A tension between the Roman Office and the Curial Office arose in the 12th and 13th centuries, during which the Curia, outside of public Papal celebrations, used their Gallicanized, modern Office exclusively. Innocent III lamented that the Curia only used the true Roman Mass and Office on the feast of St. Peter's Chair in Rome. The Mass, unrelated to this article, may have differed too. Example: at Papal Mass a cardinal deacon and the local sacristan would arrange the burse, chalice, and bread on the altar during the Creed. The Tridentine practice—wherein the deacon of the Mass prepares the burse during the Creed and the subdeacon prepares the matter for the Eucharist during the Offertory—was a Curial adaptation for smaller spaces and less elaborate liturgies. In his own time Gregory VII blamed shortening and simplification on laxity among the clergy. One wonders what he would think of the Liturgia Horarum, which one can recite, for the entire day, in 30 minutes or less! John Beleth wrote in the 12th century "How many of us are found joyfully to rise with the Sun to say the Divine services?.... How many are they who conscientiously recite in due course the Office of the day? Few indeed, and very few, if the real truth be told."

Another point of note is that the Office, among the Curia, was now more frequently read than sung. St. Leo IX is recorded, in the 11th century, to have piously recited the Office in private daily, a proof of his holiness and sanctity. Given the need for books outlined a few paragraphs ago, we must ask: did a "breviary," an abbreviated version of the Office text without musical notation, exist even then? If not it certainly existed two centuries later. The word "breviary," from the Latin breve, means "brief" or "shortened" and is directly linked with the Franciscans, who wished to carry the modern Curial Office around in a single volume. Thus the breviary for private recitation was born. The Rad Trad, who has no firm scholarly ground for this assumption, guesses that parish priests outside of cathedral cities, probably just recited psalms with a Pater noster at the end rather than an entire Office, with hymns and antiphons, every day.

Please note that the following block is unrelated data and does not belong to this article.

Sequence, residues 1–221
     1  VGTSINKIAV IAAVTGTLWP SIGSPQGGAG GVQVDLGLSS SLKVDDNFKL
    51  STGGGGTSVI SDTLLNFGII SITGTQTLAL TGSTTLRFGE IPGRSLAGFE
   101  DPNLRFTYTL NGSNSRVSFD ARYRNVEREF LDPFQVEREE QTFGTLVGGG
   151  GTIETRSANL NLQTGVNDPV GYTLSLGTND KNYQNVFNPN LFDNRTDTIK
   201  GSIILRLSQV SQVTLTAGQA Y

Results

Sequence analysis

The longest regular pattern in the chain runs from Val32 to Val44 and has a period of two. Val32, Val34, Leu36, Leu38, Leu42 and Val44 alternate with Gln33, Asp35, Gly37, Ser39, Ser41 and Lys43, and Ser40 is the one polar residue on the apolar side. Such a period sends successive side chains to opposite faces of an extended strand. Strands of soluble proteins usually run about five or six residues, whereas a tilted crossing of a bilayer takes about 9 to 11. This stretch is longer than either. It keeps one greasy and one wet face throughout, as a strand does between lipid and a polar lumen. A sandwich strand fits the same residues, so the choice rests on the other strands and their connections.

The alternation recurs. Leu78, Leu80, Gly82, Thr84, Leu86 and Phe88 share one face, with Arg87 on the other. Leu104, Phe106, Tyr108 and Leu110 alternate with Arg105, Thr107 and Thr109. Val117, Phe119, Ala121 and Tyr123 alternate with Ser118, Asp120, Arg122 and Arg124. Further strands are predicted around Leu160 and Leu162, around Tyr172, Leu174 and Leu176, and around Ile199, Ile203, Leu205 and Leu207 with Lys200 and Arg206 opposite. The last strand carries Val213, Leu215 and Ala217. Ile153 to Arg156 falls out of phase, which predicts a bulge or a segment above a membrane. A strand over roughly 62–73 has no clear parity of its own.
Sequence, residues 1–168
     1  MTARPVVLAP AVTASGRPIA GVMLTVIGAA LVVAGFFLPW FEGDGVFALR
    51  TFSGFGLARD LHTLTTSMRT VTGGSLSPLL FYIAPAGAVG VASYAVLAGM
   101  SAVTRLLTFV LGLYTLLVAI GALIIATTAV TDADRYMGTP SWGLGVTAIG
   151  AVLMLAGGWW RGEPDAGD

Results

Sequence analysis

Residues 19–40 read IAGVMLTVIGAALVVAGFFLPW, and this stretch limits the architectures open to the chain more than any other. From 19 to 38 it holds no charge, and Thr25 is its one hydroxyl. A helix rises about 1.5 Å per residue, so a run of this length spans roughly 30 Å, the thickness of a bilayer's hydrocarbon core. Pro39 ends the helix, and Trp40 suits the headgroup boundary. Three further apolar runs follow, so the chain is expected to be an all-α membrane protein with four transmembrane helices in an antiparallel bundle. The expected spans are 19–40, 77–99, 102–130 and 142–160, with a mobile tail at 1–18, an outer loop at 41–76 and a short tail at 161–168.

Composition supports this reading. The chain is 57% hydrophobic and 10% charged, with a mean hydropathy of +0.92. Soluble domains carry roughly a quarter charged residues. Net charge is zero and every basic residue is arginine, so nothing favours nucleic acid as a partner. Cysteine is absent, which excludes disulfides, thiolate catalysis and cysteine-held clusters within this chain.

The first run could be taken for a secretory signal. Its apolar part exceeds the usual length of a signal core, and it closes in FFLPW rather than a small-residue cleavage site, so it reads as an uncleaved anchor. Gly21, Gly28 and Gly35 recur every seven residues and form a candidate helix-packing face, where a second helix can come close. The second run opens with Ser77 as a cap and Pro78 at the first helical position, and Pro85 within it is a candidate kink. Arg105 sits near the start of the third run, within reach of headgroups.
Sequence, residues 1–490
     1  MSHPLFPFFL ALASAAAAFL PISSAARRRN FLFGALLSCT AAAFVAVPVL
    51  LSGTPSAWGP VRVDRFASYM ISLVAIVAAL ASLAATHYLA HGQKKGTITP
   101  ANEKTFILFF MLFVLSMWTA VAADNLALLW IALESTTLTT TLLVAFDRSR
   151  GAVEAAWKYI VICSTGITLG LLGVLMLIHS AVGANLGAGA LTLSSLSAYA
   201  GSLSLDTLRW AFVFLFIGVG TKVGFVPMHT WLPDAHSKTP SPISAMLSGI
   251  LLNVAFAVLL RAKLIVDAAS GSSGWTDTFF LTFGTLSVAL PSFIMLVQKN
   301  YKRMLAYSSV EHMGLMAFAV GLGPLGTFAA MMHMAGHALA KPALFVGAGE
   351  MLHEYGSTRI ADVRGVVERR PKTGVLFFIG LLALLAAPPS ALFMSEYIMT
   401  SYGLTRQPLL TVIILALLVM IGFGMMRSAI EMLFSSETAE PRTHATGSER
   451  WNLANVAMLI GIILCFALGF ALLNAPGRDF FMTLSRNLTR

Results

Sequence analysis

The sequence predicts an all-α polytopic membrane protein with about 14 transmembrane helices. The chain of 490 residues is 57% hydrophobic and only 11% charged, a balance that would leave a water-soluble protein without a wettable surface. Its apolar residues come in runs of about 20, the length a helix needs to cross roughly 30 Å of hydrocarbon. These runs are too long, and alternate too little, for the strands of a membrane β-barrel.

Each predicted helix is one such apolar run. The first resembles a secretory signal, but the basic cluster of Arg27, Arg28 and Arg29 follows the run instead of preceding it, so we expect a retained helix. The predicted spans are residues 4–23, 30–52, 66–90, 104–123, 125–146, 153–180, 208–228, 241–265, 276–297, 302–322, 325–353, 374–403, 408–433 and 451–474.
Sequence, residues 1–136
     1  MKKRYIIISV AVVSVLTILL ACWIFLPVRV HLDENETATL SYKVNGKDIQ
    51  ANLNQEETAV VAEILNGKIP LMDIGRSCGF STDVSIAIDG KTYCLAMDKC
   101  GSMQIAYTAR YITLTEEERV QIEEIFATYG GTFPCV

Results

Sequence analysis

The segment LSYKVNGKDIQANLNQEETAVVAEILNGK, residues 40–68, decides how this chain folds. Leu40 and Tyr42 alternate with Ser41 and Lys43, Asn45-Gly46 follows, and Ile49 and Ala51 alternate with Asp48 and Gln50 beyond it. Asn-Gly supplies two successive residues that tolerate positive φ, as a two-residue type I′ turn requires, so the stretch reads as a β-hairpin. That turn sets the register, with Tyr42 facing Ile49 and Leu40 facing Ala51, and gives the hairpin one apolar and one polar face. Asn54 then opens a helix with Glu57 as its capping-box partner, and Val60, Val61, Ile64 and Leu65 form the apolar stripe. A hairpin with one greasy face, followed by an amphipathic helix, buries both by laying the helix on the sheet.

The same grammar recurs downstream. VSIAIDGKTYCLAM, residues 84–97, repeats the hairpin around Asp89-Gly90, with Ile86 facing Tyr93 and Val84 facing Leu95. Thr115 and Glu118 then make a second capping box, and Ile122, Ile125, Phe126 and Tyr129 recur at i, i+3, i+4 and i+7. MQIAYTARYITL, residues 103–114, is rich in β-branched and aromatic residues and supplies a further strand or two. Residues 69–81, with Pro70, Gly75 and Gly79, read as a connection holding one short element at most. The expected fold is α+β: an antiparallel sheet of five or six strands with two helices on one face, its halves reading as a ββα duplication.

Nicholas III, Franciscan and
liturgical dissident
At the same time the Papal Court slowly drifted away from the Roman Office as devotion to the Virgin and prayers for the Church Suffering in Purgatory increased. Clergy of the major cathedrals and collegiate churches of Europe would sing the Little Office of the Blessed Virgin on days with three lessons at Mattins and perhaps also the Office of the Dead. The Office of the Dead would, at least, be recited on Fridays of Lent. It was not inconceivable that on a Lenten feria, between the Office of the day, the Office of the Virgin, the Office of the Dead, the seven penitential psalms, the Mass of the feria, and, if it occurred, the Mass of a feast, a canon or monk might spend near ten hours singing. This was truly onerous (compare that with the 1975 Pauline Office!). Inevitably canons and monks viewed this schedule of prayer as a burdensome daily grind rather than as God's praises. Liturgy became a grueling obligation, which is perhaps why when Pope Nicholas III completely suppressed the ancient Roman Office he met no major opposition in doing so.